subcase B.2: b+a is positive. Then $2b+a=b+a+b=s_{a+b}(b)$ is a root which is greater than $b$.

Therefore we find an even greater root for every positive short root $b$ in our irreducible system $\varPhi$ and a greatest element with respect to our partial ordering has to be a long root. (This long root $a$ is uniquely determined since $W$ acts transitively on the long roots, $(a,c) \geq 0 \forall c \in \Delta$ and the fact that the subset of our vector space defined by this condition forms a fundamental domain for the action of $W$ on the vector space.)

share|cite|improve this answer
How did you get the statement "By transitivity there exists a long root a such that (a,b)=-1"? – user Jun 26 '15 at 1:10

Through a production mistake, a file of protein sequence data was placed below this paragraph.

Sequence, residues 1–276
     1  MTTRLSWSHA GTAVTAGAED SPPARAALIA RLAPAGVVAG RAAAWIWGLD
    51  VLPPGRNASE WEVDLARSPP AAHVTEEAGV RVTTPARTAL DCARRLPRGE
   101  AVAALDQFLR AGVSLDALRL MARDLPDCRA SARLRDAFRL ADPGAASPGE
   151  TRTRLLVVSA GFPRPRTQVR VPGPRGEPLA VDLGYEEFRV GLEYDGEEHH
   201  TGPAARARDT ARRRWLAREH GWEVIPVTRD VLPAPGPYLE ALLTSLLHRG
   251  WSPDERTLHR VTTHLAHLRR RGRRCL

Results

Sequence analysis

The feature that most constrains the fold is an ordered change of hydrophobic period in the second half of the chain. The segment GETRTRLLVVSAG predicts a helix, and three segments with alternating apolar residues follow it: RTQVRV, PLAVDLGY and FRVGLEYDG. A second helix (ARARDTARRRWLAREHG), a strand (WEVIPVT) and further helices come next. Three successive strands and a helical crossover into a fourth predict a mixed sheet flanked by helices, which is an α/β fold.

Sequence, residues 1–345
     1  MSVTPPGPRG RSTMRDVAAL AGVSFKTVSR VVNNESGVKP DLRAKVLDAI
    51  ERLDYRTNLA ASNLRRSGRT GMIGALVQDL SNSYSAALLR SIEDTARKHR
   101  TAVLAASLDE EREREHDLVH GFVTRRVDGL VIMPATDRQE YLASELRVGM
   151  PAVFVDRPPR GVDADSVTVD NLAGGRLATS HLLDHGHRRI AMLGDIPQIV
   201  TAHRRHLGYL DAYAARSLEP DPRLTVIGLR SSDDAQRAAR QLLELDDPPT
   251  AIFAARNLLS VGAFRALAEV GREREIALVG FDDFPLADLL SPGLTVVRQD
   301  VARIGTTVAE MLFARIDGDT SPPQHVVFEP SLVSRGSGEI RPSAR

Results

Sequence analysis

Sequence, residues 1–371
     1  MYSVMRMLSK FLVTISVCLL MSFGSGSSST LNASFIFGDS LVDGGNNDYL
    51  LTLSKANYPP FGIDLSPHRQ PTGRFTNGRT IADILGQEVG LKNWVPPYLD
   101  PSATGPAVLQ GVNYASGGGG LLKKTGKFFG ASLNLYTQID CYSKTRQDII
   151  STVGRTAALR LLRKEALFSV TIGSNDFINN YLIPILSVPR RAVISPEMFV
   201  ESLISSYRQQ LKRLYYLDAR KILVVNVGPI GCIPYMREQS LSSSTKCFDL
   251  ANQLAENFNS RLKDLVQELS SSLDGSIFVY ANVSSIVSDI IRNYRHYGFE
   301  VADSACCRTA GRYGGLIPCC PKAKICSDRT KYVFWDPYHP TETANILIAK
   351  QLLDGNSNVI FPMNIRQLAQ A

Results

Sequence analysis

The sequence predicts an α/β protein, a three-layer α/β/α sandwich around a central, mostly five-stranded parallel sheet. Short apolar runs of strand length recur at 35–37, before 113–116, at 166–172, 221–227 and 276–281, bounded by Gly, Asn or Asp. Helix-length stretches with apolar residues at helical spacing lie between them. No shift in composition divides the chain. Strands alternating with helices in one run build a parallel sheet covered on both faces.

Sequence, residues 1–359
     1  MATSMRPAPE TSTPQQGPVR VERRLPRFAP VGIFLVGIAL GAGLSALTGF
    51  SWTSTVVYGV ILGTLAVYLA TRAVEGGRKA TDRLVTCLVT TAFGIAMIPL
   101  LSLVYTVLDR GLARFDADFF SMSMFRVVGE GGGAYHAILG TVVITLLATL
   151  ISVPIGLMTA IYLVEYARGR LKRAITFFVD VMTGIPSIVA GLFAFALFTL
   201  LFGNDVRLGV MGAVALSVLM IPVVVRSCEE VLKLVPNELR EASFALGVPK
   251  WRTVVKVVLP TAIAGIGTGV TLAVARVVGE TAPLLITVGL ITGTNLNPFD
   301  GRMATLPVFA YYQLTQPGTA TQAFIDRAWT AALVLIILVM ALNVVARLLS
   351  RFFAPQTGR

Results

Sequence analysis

We assume that $\Phi$ is irreducible i.e. the Coxeter-graph is connected. Hence there are a long root $a'$ and a short root $b'$ in $\Delta$ which are connected in the Coxeter-graph (which implies $(a',b')=-1$). The Weyl group acts transitively on the short roots so there is a $w \in W$ with $wb'=b$. Furthermore $W$ acts orthogonally and hence $wa'=:a$ is a long root with $(a,b)=(wa',wb')=(a',b')=-1$. – Sebastian Schoennenbeck Jun 26 '15 at 6:50
See my original post. All of these facts can be found or are easy corollaries to facts in Humphreys book. – Sebastian Schoennenbeck Jun 27 '15 at 11:26
The usual, $W$ respects the inner product. – Sebastian Schoennenbeck Jun 27 '15 at 16:17
Yes, otherwise they wouldn't even appear in the Coxeter-graph. – Sebastian Schoennenbeck Jun 27 '15 at 16:36

Your Answer


By posting your answer, you agree to the privacy policy and terms of service.

Not the answer you're looking for? Browse other questions tagged or ask your own question.